3

File1:

00:00 274
00:04 476
00:05 450
00:06 499
00:07 373
00:08 206
00:09 471
00:10 154

File2:

00:00 183
00:01 60
00:02 344
00:03 540
00:04 450
00:07 348
00:09 473
00:10 203

Desired output:

00:00,274,183
00:01,0,60
00:02,0,344
00:03,0,540
00:04,476,450
00:05,450,0
00:06,499,0
00:07,373,348
00:08,206,0
00:09,471,473
00:10,154,203

Column 1 of each file will be checked and if same, values will be joined to the output. Please note the "0" value for those contents not present on either file. Also, this will be used for combining contents of 6 files.

4
  • file1, file2 and output is arranged in columns e.g. Column1 is Time and Column2 is Count. For output, Column1 is Time Column 2 and 3 are values from file1 and file2. Not sure why it was displayed like that.
    – binoy_php
    Jan 28 '14 at 8:16
  • try listing the contents of file1 and file2 as code.
    – Fabricio
    Jan 28 '14 at 8:19
  • Did you try join?
    – Bernhard
    Jan 28 '14 at 8:27
  • 1
    you swapped values for 00:02 and 00:03, see my answer
    – Timo
    Jan 28 '14 at 9:27
5

Assuming the input files are alphabetically sorted on their join field (as they are in your sample):

join -e0 -a1 -a2 -o 0,1.2,2.2 file1 file2 | tr ' ' ,
1
  • |tr ' ' ',' to be more precise
    – user55518
    Jan 28 '14 at 19:07
3

Bash

#!/bin/bash 
file1=t1
file2=t2
while  read line
do
        v1=$(grep "${line}" $file1|| echo 0)
        v2=$(grep "${line}" $file2|| echo 0)
        echo ${line},${v1#* },${v2#* }

done < <(awk '!a[$1]++{print $1| "sort"}' $file1 $file2)

Output

00:00,274,183
00:01,0,60
00:02,0,344
00:03,0,540
00:04,476,450
00:05,450,0
00:06,499,0
00:07,373,348
00:08,206,0
00:09,471,473
00:10,154,203
3
  • ./test.sh ./test.sh: line 10: syntax error near unexpected token (' ./test.sh: line 10: done < ( awk '!a[$1]++{print $1| "sort"}' $file1 $file2 )'
    – rking
    Jan 29 '14 at 1:27
  • awk '!a[$1]++{print $1| "sort"}' 1.txt 2.txt | sh -c 'while read LINE; do v1=$(grep "${LINE}" 1. txt || echo 0);v2=$(grep "${LINE}" 2.txt|| echo 0);echo ${LINE},${v1#* },${v2#* };done'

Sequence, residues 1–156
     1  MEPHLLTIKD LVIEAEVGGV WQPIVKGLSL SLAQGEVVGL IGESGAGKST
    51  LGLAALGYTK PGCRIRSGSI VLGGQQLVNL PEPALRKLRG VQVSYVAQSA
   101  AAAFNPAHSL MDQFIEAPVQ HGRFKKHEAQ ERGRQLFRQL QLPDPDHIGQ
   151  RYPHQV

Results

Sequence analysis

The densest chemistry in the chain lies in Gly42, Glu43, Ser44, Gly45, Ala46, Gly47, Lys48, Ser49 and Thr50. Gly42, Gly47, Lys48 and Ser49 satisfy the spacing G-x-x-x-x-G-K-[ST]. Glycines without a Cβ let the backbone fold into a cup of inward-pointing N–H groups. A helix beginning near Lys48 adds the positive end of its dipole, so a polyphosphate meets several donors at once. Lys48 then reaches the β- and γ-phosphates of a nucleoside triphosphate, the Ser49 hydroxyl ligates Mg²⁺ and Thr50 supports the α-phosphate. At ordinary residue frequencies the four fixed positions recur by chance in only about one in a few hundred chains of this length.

– rking
    Jan 29 '14 at 5:37
  • I could not get yours to work. The awk command kept causing syntax errors. I posted a turned around version that pipes to sh and it works. I really like your solution. I was not aware of the parameter expansion to remove prefixes. Thanks!
    – rking
    Jan 29 '14 at 5:43
2

Unfortunately join does not add the files that are missing lines. It's -e option only does add the argument to lines with the key. You can extract the keys, add them to each file if not there yet with standard tools and then use join, but by then you are better of writing a small program, for example in Python:

import sys

default = ['0'] * len(sys.argv[1:])
r = {}
for idx, fn in enumerate(sys.argv[1:]):
    for line in open(fn):
        c1, c2 = line.split()
        r.setdefault(c1, default[:])[idx] = c2
for c1 in sorted(r): # print output
    print("{},{}".format(c1, ','.join(r[c1])))

save as join.py and run with

python join.py file1 file2 [file3 ....]

i.e. you can add as many files as you have on the commandline

This gives exactly the output you requested (except that you swapped values for 00:02 and 00:03)

1
2

If the order of the lines is not important, or you don't mind to have the input and output sorted (which doesn't seem to pose a problem considering the input you have given), you can use join twice:

(
    join -a 1 -e "0" -o "1.1 1.2 2.2" file1 file2
    join -a 2 -e "0" -o "2.1 1.2 2.2" file1 file2
) | sort -u | sed "s/ /,/g"